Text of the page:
Definitely. Bhutan is safe and easy to travel through. It’s a wonderful place to learn about a different culture and Buddhism, and it offers pristine nature, wildlife sightings and lots of options for outdoor activities, such as cycling, hiking, horseback riding, fishing, camping, and even archery, the national sport. You can also arrange to visit a Bhutanese school with our local guides. With a Bhutan family trip, you’ll be sure to create special memories. Do remember, though, that car travel can be slow and tedious, with some rough patches. If this might affect your family holiday in Bhutan, we’ll tailor an itinerary with the shortest transfers possible. And here’s an added plus: depending on age, children receive discounts and fee waivers on the daily tariff.
Because Bhutan is a religious country, dress modestly and respectfully. Cover up from your shoulders to your knees, especially when entering places of worship.
Don’t light up! Tobacco products are banned in Bhutan, so avoid bringing them into the country as penalties apply and smoking in public is not accepted.
Shop for locally made products. Supporting local artisans helps keep traditional crafts alive. Try to refrain from supporting businesses that exploit or abuse endangered animals.
Please ask and receive permission before taking photos of people, including children.
LGBT visitors should be warned that homosexuality is illegal in Bhutan, and displays of affection are best kept private.
Religious iconography is everywhere in Bhutan in the form of stupas, mani stones, shrines and temples. Always show respect for these sacred objects by avoiding sitting or posing in front of them.
Please do not bring pens, sweets, chewing gum, etc., to hand out to children, as this encourages begging. Instead, we suggest donating money to a reputable charity of your choice that has a strong mission of helping disadvantaged children.
While some larger hotels and shops in major tourist areas, like Thimphu, may accept credit cards, you shouldn’t expect to use credit cards in Bhutan too often. Transactions can be difficult and additional fees may apply. ATMs are available in the capital Thimphu, as well as areas frequented by tourists, but not in remote areas.
While the Indian rupee is widely used, the larger 500 and 1,000 rupee notes aren’t accepted at many smaller shops and restaurants. Exchanging US dollars at the airport or at exchange counters in Thimphu are the best way to go.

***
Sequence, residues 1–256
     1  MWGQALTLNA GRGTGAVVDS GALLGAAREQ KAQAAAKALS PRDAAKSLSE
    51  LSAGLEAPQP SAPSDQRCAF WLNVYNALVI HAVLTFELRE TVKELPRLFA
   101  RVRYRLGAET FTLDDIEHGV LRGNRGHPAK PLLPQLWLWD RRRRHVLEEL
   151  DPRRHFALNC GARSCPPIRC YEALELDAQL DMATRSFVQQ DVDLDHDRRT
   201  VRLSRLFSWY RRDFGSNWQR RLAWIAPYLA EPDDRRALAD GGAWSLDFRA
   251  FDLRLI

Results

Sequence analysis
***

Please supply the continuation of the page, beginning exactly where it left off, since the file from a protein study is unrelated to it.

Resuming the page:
Remember, package tours to Bhutan include all services (guide, transport, hotels, and three meals per day), so the only time you’ll need to spend cash or use your credit card in Bhutan is to buy drinks not included in your meals, or for gift shopping.
In many areas of Bhutan, especially in more urban locations, you’ll have mobile phone coverage with smart-phone capabilities. Local Bhutan SIM cards can be purchased for roughly US$2 plus call credits at Bhutan Telecom and Tashi Cell for 2G and 3G phones.
Most hotels in Thimphu and Paro will have Wi-Fi. Cafés in city centers are also likely to have Wi-Fi, though the connection may be slow. The international dialing code for Bhutan is 975.
Bhutanese cuisine is a zesty mix of regional ingredients with Tibetan, Chinese, and Indian influences. While you’ll be able to find international food options in tourist destinations like Paro and Thimphu, our first Bhutan travel tip for foodies is to savor the local specialties like ema datshi, a spicy blend of chili peppers and roasted yak cheese that is sure to warm you on even the coldest Himalayan night. In the highlands, signature dishes tend to be heavily seasoned hot stews made from yak, pork, mutton, or beef with vegetables, lentils, or buckwheat.
Popular spices include curry, pepper, garlic, cardamom, ginger, and turmeric. Most foods are served with Bhutanese red rice, a high-altitude rice variety with a rough texture and a subtle nutty taste. For rice alternatives, try the momo, steamed dumplings with a meat or veggie filling, or barthu, noodles that can be fried or come in a bowl of soup.
Bhutan has some truly interesting beverage choices as well. Fancy some butter tea? It’s exactly what it sounds like. Or how about a cup of home-distilled spirits with a fried egg in it? We’re not kidding! Or, for the more tame, the locally brewed Red Panda beer is absolutely delicious.
Tipping in Bhutan is not a norm in hotels and restaurants, but it’s commonly expected for personal drivers and guides. Although it’s up to your personal preference as to how much to tip, a good rule of thumb is that a group normally pays their guide $10 per day and their driver $5–7 per day.
Many of the hotels in Bhutan are cozy, clean, and accommodating, but you shouldn’t expect 5-star luxury in every town. World-class hotels such as those run by Uma and Aman hoteliers are available in the bigger towns of Thimpu, Paro, Bumthang, Gangtey, and Punakha. In most other areas, expect to stay in converted farmhouses and family-run hotels that are welcoming and comfortable but offer a more rustic experience. We can also arrange a local homestay in Bhutan—just contact one of our Travel Specialists.
With the country’s high altitudes and thin air keeping bacteria and infectious diseases at bay, health risks are relatively mild, and no vaccinations for Bhutan are required. However, the World Health Organization recommends that all overseas travelers are up to date on all their MMRs (measles, mumps and rubella) and boosters for hepatitis A and B, diphtheria, tetanus, polio and typhoid. We also recommend having comprehensive insurance that covers the cost of medical evacuation. Check your government’s travel advisory on Bhutan for up-to-date information.
If you have any question about Bhutan Tour and Trekking Holidays or need any assistance to plan your Tour trekking in Bhutan, simply send us an email and we will get back to you right away.